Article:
An official website of the United States government
Here's how you know
A .mil website belongs to an official U.S. Department of Defense organization in the United States.
A lock (lock ) or https:// means you’ve safely connected to the .mil website. Share sensitive information only on official, secure websites.

NEWS | Oct. 4, 2007

1st Helicopter Squadron Airman receives Red Erwin Award

By Master Sgt. Alan Williams 316th Wing Public Affairs

An Andrews Air Force Base Airman was presented the coveted Staff Sergeant Henry E. "Red" Erwin Outstanding Enlisted Aircrew Member of the Year award during a ceremony Sept. 28 at the Pentagon. Brig. Gen. Robert C. Kane, director of Air Operations and deputy chief of staff for Operations, Plans and Requirements, Headquarters U. S. Air Force, presented the award. 

"Winning and being able to represent the unit and the AFSOC community was great," said Senior Airman Justin H. Shults, a UH-1N Special Missions Flight Engineer assigned to the 1st Helicopter Squadron. "It really was a team effort, but I was the one who was singled out. The thanks really goes to the 21 Special Operations Squadron and the 352nd Special Operations Group." 

Airman Shults earned this award during his previous assignment with the 21st Special Operations Squadron, Air Force Special Operations Command, at Royal Air Force Mildenhall in the United Kingdom where he served as an MH-53 "Pave Low" flight engineer. 

"He has an exemplary record of distinguished service and it underscores the great things our Airmen are doing every day," said Lt. Col. Donald Snyder, 1st Helicopter Squadron commander. "I'm very pleased to have him in our squadron." 

Airman Shults was recognized for outstanding Airmanship while he was deployed for more than 100 days to Iraq and flying more than 75 sorties, which totaled more than 140 combat hours during 2006. His actions had a direct impact on the capture of 26 insurgents - three of which were considered high value targets who were suspected of developing chemical terror weapons. While deployed, he was also responsible for the safe insertion of more than 320 special operations assault forces personnel and is credited with an additional 63 missions that delivered more than 550 security forces personnel and 92,000 pounds of supplies to special operations forces outposts for sustainment.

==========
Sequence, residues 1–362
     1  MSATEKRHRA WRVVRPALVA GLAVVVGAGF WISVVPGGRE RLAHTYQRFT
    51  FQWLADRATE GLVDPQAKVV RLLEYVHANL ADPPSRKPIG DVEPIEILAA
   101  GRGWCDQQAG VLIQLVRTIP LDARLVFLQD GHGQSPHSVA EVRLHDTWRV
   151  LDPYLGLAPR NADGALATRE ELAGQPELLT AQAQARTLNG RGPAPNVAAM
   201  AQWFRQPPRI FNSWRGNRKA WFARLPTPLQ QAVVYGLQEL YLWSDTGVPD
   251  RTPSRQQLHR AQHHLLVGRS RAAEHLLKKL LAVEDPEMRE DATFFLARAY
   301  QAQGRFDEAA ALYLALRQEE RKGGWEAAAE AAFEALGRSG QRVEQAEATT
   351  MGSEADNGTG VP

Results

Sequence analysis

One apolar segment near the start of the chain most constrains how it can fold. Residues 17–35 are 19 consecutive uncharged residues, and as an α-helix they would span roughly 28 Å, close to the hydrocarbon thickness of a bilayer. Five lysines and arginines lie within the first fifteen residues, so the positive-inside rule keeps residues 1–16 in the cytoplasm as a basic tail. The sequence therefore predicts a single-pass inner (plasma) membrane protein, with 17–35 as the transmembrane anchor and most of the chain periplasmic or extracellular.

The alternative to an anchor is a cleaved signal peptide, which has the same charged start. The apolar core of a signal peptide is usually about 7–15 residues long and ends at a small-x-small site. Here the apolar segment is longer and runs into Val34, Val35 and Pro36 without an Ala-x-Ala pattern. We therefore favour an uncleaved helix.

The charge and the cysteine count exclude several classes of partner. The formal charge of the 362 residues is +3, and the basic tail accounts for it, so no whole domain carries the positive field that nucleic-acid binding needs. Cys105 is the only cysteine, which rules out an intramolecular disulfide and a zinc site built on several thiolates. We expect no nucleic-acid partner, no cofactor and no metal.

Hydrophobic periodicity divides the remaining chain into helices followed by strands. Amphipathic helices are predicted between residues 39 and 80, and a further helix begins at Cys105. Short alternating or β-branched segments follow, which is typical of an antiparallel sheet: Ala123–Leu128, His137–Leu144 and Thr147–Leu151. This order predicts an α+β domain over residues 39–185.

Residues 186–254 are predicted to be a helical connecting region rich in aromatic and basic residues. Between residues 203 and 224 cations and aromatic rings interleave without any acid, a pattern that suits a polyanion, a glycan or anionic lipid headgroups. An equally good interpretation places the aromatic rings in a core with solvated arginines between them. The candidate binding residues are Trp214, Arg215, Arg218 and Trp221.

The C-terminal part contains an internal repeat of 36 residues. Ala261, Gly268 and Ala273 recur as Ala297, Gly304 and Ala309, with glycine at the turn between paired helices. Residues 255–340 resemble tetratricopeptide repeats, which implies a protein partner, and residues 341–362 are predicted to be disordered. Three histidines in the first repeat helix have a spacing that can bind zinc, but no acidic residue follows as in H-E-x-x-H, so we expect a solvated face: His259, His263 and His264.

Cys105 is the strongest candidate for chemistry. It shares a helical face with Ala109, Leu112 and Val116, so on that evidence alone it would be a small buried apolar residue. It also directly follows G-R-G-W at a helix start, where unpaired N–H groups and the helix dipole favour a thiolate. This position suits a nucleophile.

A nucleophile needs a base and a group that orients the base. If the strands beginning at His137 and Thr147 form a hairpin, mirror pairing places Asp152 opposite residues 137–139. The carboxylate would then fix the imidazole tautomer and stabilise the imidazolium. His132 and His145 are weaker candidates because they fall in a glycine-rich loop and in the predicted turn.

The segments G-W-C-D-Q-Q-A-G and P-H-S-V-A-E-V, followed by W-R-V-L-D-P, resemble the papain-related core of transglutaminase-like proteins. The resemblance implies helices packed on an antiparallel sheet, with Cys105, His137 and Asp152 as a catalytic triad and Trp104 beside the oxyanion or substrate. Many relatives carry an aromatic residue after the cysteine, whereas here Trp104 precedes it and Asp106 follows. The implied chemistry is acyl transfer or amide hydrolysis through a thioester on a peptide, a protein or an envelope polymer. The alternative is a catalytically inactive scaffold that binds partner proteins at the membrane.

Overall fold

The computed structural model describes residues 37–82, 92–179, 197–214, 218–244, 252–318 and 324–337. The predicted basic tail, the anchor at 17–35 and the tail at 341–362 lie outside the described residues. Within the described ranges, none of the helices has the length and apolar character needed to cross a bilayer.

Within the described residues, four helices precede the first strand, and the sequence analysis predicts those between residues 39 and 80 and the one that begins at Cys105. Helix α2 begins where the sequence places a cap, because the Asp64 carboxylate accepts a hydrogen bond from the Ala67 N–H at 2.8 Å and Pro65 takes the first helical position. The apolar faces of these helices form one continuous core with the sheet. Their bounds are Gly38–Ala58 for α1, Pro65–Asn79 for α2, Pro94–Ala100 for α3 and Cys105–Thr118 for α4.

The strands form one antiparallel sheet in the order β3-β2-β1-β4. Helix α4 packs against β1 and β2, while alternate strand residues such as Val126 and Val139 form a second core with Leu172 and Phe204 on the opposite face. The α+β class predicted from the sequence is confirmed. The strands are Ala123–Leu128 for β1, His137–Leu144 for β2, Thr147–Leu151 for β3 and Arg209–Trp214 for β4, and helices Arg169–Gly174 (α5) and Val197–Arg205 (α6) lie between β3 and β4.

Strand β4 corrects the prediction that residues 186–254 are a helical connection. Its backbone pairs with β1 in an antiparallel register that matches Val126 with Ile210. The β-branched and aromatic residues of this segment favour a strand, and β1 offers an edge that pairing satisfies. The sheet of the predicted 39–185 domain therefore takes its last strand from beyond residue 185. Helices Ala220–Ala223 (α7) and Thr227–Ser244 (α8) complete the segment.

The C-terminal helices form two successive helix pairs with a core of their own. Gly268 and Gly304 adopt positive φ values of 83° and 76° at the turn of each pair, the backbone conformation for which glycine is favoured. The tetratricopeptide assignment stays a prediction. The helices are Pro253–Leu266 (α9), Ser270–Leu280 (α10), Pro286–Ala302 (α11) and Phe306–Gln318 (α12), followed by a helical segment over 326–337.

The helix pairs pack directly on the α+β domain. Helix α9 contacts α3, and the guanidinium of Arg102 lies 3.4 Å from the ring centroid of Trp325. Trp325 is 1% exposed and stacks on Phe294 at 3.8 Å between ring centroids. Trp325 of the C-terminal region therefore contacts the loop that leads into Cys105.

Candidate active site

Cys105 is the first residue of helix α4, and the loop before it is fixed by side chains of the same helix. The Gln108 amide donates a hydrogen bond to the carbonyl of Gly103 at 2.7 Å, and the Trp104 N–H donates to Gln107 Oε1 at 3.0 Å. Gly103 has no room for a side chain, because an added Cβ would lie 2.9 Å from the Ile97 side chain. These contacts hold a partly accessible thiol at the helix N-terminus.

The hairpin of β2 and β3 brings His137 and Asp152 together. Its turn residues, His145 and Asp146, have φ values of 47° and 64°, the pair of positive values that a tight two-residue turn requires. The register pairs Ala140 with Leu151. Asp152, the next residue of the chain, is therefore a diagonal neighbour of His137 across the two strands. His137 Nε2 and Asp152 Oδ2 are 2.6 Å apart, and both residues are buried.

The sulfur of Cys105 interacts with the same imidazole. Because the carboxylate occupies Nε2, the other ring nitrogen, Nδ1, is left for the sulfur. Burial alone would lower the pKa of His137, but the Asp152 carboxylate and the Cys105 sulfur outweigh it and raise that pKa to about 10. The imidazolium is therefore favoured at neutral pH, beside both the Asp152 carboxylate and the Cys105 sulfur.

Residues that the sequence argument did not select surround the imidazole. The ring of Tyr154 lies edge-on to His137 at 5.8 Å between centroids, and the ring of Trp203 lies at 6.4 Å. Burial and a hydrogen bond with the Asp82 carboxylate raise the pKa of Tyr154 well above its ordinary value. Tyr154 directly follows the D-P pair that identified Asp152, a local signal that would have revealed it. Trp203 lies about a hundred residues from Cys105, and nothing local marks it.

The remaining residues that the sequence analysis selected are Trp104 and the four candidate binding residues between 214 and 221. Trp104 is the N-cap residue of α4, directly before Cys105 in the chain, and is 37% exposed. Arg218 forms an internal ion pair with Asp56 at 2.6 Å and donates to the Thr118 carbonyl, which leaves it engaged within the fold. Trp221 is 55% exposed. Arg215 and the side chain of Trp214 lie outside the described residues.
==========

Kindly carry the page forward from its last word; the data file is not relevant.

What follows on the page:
"It's absolutely fantastic to get an experienced aircrew member assigned to the 1st Helicopter Squadron," said Chief Master Sgt. Anthony Manson, 316th Operations Group superintendent. "His experience and performance in combat are great assets to the squadron. And, being selected for the "Red" Erwin award clearly identifies him as one of the very best. He has a bright future as a career enlisted aviator." 

In addition to his combat accomplishments, Airman Shults earned four awards of the Air Medal in 2006 alone and was lauded for his participation in the assisted departure of 520 American citizens from the U.S. Embassy in Beirut. He received the 352nd Special Operations Group Staff Sgt. Henry E. "Red" Erwin Outstanding Enlisted Aircrew Member of the Year for 2006; the Airman of the Year 2006 for the 21st Special Operations Squadron; and Airman Professional Performer of the Quarter for the 3rd Quarter 2006 for the 21st Special Operations Squadron. 

Airman Shults is a recent graduate of UH-1N Initial Qualification Training at Kirtland Air Force Base, N.M. where he earned distinguished graduate honors and he was selected for promotion to staff sergeant. 

The "Red" Erwin Award, which it is more commonly known as, was authorized in 1997 and dedicated in memory and recognition of the Medal of Honor recipient. 

Staff Sgt. "Red" Erwin served as a B-29 radio operator assigned to the 52nd Bomb Squadron, 29th Bombardment Group, 20th Air Force in the Pacific theater. On April 12, 1945 while flying on a B-29, named the "City of Los Angeles," Sergeant Erwin and the crew were on a mission to attack a chemical plant in Koriyama, Japan. While launching signal flares to guide the formation, one flare misfired and hit Sergeant Erwin in the face. 

In the smoke-filled aircraft, Sergeant Erwin managed to cradle the 1300-degree flare in his bare hands and struggled more than 20 feet to hurl it through the co-pilot's window, which undoubtedly saved the aircraft and crew. With little expectation of survival, Gen. Curtis E. LeMay ensured the Medal of Honor was approved in less than a week and it was presented at his hospital bedside April 19, 1945 by Maj. Gen. Willis Hale, commander of the Army Air Forces in the Pacific. Miraculously, Sergeant Erwin survived.
This award is the most prestigious and highest level of recognition for enlisted aviators and recipients of this award may wear the Air Force Recognition ribbon.